Re: memory leak in the code?

James Kanze <>
Mon, 14 Jan 2008 02:59:39 -0800 (PST)
On Jan 14, 6:20 am, Jerry Coffin <> wrote:

In article <7a6ef05b-eff9-4f21-bf22->, says...

[ ... ]

3. If requested concept of array is less than concept of
vector<>, then vector<> can produce poor code, because
not-used properties of more complex concept of vector<> can
produce not-used data and code. "will do produce" or "will
do not produce" depends only from concrete implementation of
concrete vector<> for concrete target arch. In order to
detect, you need refer to the concrete implementation of of
concrete vector<> for concrete target arch. (Any reference
to implementation violates encapsulation - bad desing way).

This is more or less the case: vector can do things an array
cannot do on its own. The most obvious is that a vector can
expand to hold more items as you insert them, which an array
cannot. If you're really never using that capability, your
program can include code that's never used.

The cost of this dead code is relatively low though -- it's
stored on disk, but if it's never used, it may never even be
paged into physical memory.

It's less than that: the functions which implement it are
templates, which aren't instantiated unless they are used.

To support that, std::vector also uses dynamically allocated
memory, which means all access to the memory is via a pointer.
Depending on the processor and such, this _may_ be marginally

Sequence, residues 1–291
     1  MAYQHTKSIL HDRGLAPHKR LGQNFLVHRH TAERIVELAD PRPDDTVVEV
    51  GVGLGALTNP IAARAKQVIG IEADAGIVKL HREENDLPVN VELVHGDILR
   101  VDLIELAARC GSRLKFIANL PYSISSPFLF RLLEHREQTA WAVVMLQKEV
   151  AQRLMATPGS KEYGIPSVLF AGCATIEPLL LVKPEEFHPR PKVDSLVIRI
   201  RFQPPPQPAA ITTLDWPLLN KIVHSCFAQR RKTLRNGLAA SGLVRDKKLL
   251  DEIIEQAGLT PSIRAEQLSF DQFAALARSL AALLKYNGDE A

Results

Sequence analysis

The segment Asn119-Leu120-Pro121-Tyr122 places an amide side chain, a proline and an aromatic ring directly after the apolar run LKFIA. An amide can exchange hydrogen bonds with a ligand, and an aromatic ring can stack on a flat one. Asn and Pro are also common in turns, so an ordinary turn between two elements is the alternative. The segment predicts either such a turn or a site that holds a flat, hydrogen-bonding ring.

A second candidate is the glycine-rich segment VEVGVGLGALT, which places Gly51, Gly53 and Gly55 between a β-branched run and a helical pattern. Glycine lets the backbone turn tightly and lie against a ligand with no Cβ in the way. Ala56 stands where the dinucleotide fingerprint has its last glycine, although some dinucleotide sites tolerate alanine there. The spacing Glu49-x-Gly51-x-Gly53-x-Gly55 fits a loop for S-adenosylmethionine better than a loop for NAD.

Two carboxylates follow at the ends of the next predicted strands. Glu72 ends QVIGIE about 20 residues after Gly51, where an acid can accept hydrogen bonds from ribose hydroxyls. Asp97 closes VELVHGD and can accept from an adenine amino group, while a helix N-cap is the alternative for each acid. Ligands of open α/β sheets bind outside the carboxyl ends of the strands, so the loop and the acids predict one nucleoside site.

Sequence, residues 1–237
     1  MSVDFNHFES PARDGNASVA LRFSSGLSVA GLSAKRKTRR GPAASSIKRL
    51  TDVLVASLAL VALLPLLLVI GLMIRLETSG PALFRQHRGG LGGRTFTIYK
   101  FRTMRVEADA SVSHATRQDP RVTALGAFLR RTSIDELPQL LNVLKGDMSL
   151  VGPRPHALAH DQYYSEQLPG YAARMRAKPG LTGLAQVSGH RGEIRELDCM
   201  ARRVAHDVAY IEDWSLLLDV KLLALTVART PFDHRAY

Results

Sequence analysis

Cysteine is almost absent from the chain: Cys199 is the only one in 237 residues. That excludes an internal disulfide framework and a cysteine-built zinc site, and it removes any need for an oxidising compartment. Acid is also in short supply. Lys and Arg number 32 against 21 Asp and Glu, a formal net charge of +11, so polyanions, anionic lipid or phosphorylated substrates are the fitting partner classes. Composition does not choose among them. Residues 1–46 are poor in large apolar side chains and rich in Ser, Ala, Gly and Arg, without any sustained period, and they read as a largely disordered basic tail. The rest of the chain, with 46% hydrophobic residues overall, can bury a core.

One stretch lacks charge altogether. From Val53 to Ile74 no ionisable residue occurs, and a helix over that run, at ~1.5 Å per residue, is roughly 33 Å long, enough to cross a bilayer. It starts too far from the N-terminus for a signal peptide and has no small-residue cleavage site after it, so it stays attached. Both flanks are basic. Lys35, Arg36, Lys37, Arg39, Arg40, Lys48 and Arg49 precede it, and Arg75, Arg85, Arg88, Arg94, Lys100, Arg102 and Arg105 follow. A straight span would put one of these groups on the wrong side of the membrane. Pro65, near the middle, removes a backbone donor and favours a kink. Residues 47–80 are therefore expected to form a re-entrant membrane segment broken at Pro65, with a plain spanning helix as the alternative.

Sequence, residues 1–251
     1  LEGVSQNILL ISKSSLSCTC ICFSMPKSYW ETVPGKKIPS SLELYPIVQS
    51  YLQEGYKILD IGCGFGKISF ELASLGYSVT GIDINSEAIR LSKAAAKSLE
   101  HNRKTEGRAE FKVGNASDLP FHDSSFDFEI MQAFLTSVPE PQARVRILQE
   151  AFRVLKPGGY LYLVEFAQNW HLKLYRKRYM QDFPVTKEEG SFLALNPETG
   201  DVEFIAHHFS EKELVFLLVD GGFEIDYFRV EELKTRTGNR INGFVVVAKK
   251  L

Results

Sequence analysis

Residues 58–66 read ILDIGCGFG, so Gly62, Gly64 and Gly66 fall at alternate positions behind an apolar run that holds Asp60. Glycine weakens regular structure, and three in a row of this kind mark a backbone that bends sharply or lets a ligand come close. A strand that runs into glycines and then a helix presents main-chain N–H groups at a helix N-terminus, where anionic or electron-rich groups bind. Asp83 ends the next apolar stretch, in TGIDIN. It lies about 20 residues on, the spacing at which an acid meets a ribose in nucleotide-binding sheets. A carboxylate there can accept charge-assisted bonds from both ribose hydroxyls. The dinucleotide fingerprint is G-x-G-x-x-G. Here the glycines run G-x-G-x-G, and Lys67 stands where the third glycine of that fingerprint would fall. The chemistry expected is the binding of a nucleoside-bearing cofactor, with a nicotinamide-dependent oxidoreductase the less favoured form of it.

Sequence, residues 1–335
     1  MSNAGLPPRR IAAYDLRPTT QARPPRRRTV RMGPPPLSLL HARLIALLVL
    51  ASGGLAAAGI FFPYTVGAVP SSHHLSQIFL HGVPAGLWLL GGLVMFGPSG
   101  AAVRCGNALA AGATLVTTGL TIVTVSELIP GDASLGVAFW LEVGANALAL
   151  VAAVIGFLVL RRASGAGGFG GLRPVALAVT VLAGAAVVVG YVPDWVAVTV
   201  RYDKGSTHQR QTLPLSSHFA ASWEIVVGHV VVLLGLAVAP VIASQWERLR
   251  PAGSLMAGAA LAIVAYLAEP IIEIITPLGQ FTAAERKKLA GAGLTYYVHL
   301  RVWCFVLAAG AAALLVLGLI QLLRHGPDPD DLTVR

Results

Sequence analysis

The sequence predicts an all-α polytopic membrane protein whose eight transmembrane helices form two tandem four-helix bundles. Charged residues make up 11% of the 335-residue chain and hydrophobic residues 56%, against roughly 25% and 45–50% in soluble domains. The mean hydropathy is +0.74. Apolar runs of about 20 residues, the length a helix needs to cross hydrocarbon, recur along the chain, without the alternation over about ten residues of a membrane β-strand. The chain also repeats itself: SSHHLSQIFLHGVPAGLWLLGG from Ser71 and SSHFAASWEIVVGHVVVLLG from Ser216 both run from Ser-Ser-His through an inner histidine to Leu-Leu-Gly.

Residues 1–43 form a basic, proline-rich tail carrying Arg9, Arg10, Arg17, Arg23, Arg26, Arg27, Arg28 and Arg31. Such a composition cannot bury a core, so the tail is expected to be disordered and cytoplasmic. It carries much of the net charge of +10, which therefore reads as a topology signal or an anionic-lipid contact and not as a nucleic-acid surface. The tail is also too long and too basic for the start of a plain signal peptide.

slower than direct access to the memory (though, in all
honesty, it's been quite a while since I saw a processor for
which this was likely to be an issue).

On a Sparc (and I suspect most RISC machines), accessing through
the pointer is actually faster. (Of course, all of the
compilers I know convert the array code to use pointers
internally, so typically, there's no difference.)

For situations where these constitute real problems, TR1 and
C++ 0x both include an array class that acts more like a
built-in array -- it's size is set at creation time, and
remains constant until it's destroyed.

More importantly, it actually acts like a real data type; it
doesn't convert to a ponter (loosing the size) unless you want
it too.

One of the reasons people don't like C style arrays is that they
don't implement the concept of array very well. Conceptually,
an array is a data type, and in C/C++, data has value semantics.
Conceptually, an array has a length, and in C/C++, as soon as
the implicit conversion to a pointer has occured, the
abstraction is broken. Conceptually, std::vector<T> is a closer
approximation of an array than is T[].


At least with the compilers I've tested so far, std::sort is
consistently at least twice as fast as qsort. std::sort on an array is
sometimes faster than std::sort on a vector -- but sometimes it's
slower. I'm pretty sure you'd have to do the test extremely carefully
(and often) to be sure whether there's a statistically significant
difference between the two. Even if there is a difference, I'm quite
certain it's too small to care about most of the time.

If there is a difference, then it will depend on the compiler
and the architecture. One may be faster with one compiler or
architecture, and slower with another.

James Kanze (GABI Software)
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